What are the traits of echoism?

People pleasing

Highly sensitive, compassionate, and emotionally intelligent, echoists are extreme people-pleasers. Due to their childhood experiences, these individuals dislike voicing their needs in order not to burden others. 

In fact, they often put their own needs last to point of over-giving and under-receiving.


Avoiding the spotlight

As much as the narcissist loves the spotlight, echoists tend to dislike taking up space or being the centre of attention. They dislike drawing attention to their achievements or needs.


Low self-esteem

Echoists often suffer from feelings of unworthiness and might feel anxious, depressed or depleted.


Putting their own needs last

Echoists tend to take care of everyone else around them at the expense of meeting their own needs and desires.

Poor boundaries

Echoists tend to have weak personal boundaries or they might not have many boundaries at all. They often find it difficult to say ‘no’ to others even when it is at their own expense.


Difficulty in asking for help

Echoists very much dislike asking for help, sometimes to the point where they live by the rule of not asking for anything at all from others in order not to appear selfish.


Echoists often display signs of co-dependency in their relationships in that they can lose their belief in their ability to be self-sufficient, further eroding their self-esteem.

So what steps can you take to heal if you identify with the above traits?


1. Practise putting yourself first

Commit to practising one thing every day where you are taking care of yourself. Little wins lead to great gains, you do not have to start big but you do need to be consistent. A regular 10-minute meditation or a bath can make a real difference.

2. Setting boundaries

Everyone needs healthy boundaries. Spend some time figuring out what yours are and then get comfortable with saying ‘no’. Your comfort and happiness matters.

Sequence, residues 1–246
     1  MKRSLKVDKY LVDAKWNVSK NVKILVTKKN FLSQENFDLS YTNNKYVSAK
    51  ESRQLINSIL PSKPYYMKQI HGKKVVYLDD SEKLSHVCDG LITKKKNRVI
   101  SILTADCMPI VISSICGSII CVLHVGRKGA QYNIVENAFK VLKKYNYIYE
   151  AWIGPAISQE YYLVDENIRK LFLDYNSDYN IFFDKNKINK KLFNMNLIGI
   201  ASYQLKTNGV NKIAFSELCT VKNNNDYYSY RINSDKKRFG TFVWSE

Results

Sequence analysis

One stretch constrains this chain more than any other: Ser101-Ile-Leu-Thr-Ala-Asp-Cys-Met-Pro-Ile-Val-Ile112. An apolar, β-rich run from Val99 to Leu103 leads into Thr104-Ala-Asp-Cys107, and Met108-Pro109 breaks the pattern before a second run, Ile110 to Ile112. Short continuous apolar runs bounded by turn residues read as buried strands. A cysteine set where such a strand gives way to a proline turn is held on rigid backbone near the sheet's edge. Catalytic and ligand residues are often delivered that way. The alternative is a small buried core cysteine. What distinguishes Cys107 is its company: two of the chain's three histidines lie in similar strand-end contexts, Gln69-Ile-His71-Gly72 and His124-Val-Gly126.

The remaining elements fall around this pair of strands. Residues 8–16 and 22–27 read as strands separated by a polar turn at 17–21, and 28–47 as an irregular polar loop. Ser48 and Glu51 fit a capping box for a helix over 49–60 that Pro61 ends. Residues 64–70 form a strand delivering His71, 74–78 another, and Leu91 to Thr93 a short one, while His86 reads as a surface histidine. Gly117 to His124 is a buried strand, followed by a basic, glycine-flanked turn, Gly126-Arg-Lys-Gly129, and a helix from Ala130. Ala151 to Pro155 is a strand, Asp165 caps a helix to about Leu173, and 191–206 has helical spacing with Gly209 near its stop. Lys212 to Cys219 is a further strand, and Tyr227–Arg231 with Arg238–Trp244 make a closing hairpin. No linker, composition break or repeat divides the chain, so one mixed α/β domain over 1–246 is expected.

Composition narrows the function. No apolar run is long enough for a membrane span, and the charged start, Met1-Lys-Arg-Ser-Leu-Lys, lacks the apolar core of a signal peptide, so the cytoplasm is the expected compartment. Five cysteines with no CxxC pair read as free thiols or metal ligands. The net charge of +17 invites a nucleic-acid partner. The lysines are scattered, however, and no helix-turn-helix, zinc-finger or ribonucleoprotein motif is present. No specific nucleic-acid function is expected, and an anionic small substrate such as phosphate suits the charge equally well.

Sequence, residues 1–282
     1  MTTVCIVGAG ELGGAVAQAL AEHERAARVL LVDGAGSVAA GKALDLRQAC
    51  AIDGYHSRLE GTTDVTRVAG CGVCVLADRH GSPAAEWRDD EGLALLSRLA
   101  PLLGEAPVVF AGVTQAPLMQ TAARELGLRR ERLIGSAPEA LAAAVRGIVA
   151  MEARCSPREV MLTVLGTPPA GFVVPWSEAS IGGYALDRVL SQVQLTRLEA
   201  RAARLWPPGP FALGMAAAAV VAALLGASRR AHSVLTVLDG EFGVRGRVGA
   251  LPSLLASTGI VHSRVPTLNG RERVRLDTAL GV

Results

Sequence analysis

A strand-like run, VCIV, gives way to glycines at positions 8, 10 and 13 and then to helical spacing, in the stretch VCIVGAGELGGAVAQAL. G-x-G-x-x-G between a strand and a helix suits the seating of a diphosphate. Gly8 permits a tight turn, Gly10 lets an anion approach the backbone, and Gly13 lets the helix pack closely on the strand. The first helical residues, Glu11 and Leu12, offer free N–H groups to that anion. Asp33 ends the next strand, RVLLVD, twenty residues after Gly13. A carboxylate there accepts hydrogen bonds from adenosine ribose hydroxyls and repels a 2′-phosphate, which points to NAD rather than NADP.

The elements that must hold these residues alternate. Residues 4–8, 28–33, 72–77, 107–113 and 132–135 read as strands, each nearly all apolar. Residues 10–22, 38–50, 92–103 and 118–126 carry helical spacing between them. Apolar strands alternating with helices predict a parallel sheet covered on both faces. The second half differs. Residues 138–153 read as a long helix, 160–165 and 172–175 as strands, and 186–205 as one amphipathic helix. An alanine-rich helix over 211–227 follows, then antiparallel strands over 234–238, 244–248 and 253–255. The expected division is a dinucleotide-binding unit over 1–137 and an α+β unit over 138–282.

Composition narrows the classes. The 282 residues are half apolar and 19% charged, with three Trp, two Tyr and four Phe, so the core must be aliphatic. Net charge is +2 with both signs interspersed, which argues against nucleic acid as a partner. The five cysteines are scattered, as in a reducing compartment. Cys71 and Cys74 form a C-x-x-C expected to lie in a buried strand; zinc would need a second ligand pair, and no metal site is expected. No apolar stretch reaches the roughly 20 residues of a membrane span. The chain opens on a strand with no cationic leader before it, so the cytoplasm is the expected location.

3. Make an Inventory of your strengths

Make an honest inventory of your strengths and all the positive things you have accomplished so far in life. This can initially feel difficult, but you can ask friends or family for their inputs. This will also allow you to practice asking for help!

4. Practise self-care

Echoists have often been neglecting their self-care because they have been busy looking after the narcissist. It is time to give yourself some TLC.

5. Heal the trauma

Narcissistic abuse can involve aspects of emotional, psychological, physical and financial abuse. It is often so traumatic that survivors develop complex PSTD or feel that they have completely lost their own identity. 

The Echo Society runs support groups in the UK. Alternatively, it can be a great idea to seek professional help with a mental health professional specialised in echoism and narcissistic abuse.

You can access a free narcissism/echoism test online at https://www.drcraigmalkin.com/#narcissismtest.

Sanna Wakefield is a verified Welldoing therapist in Sutton and online


Further reading

Growing up with a narcissistic mother

What's the lasting impact of complex trauma?

You're not a narcissistic, but you may have a narcissistic wound

Recovering from a relationship with a narcissist